(Original post by Sync)
The "innocent until proven guilty" idea also doesn't work as it would cause insurers to make an even larger underwriting loss. In 2011, for every £100 insurers took in premiums, they paid out £106 in claims
. They made an underwriting loss...so how much more can you expect them to reduce your premiums? In fact, if anything, insurance is underpriced...
How do you presume the government could step in:
"Excuse me Mr. Insurance Company, can you please reduce your premiums as the electorate appear to believe driving is a fundamental human right. I know you already pay out more than you take in, but there are children who find driving very expensive. Won't somebody please
think of the children"
That's a bit like asking the government to make sure that Apple reduce their prices because "I really want a new MacBook".
Government intervention in free markets doesn't work and invariably ends in tears.
As expensive as insurance is at that age, it isn't some sort of massive unfair conspiracy concocted by insurance companies and aimed at young people. The premiums are fair I'm afraid...just be reassured that it does get better as you get older!
If insurance companies are not able to cover their outgoings then they should increase their prices across the board to compensate - not discriminate based on some arbitrary boundaries.
Your condescending response to the expense of drivers is laughable. Are you a driver? Are you aware of how much our economy relies on cars to get people to work? Drivers are already taxed to hell. We even have to pay tax on our tax when we go to fuel up! Not to mention that our road tax is not being fully used to improve the roads, so it's essentially just a stealth tax that's going elsewhere. If everyone decided to stop driving tomorrow as a protest, I think you'll find the government would need to do something very rapidly to persuade them to start driving again, or the economy would collapse very rapidly. So people don't see it as a "right", they see it as fundamental to their daily life, and consequently fundamental to the country as a whole.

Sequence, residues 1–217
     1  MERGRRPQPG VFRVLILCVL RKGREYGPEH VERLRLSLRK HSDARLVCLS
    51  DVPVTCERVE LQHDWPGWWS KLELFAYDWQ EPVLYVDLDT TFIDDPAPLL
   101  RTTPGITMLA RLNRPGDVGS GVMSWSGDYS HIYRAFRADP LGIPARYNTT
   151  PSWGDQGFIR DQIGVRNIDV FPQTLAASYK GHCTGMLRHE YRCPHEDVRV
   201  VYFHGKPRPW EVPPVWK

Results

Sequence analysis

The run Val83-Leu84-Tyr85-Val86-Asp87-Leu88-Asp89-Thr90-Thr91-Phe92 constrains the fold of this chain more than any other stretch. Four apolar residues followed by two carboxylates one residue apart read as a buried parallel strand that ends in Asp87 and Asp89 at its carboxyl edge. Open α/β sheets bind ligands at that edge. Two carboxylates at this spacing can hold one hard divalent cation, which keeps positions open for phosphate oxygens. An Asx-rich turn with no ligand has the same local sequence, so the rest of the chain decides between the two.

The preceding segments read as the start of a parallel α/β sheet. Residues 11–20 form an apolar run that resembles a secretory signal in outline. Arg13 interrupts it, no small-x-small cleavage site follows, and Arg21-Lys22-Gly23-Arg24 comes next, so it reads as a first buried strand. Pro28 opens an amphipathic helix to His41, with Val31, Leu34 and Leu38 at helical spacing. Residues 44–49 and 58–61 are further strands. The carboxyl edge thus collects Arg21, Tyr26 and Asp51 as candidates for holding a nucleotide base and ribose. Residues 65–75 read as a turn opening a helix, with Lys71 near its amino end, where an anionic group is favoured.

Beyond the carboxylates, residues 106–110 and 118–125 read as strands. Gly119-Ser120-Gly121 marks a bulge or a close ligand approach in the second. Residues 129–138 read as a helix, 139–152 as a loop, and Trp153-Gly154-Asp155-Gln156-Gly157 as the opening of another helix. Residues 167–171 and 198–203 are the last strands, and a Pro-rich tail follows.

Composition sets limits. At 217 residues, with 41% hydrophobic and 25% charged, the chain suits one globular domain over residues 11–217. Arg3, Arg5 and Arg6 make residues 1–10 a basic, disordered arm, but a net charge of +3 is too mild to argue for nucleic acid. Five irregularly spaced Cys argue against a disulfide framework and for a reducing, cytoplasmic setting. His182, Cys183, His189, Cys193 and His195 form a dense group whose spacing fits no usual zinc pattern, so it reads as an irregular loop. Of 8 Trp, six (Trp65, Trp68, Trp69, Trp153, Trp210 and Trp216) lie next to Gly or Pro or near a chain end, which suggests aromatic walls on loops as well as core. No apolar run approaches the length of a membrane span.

Last edited by Tycho; 30-05-2012 at 12:24.
Basically, Sync's right. Young, inexperienced drivers present a much greater risk for an insurance company, and so their insurance is expensive. Ability to pay or the relative size of the premium to the value of the car aren't factors they take into account. There are also a number of myths about insurance, such as being older automatically reduces your premium - it has an effect, but I'm nearly 25 and didn't see a big drop after the magical age of 21, and I doubt I'll see one at my next renewal (25 supposedly being the next milestone). In fact, my premium has been pretty steady the last couple of years, despite increasing experience and no claims bonus. Indeed past 60 or 65 premiums tend to go up again.
As for being innocent until proven guilty, you are - you don't even want to think what your premium will be like after you've had a major accident or a driving related conviction (other than maybe a minor speeding fine).
As for why insurance is so expensive at the moment, there's a number of well documented reasons, main ones being the rise in personal injury claims, greater use of courtesy cars, claims handling companies, and the stock market. Insurers' costs have been rising faster than premiums.
I'll also say now I doubt any 18 year old driver fresh from the test centre will be saying in 10 years time they'd be happy to see their premiums treble or worse to subsidise the new crop of 18 year olds
Last edited by CurlyBen; 31-05-2012 at 01:13.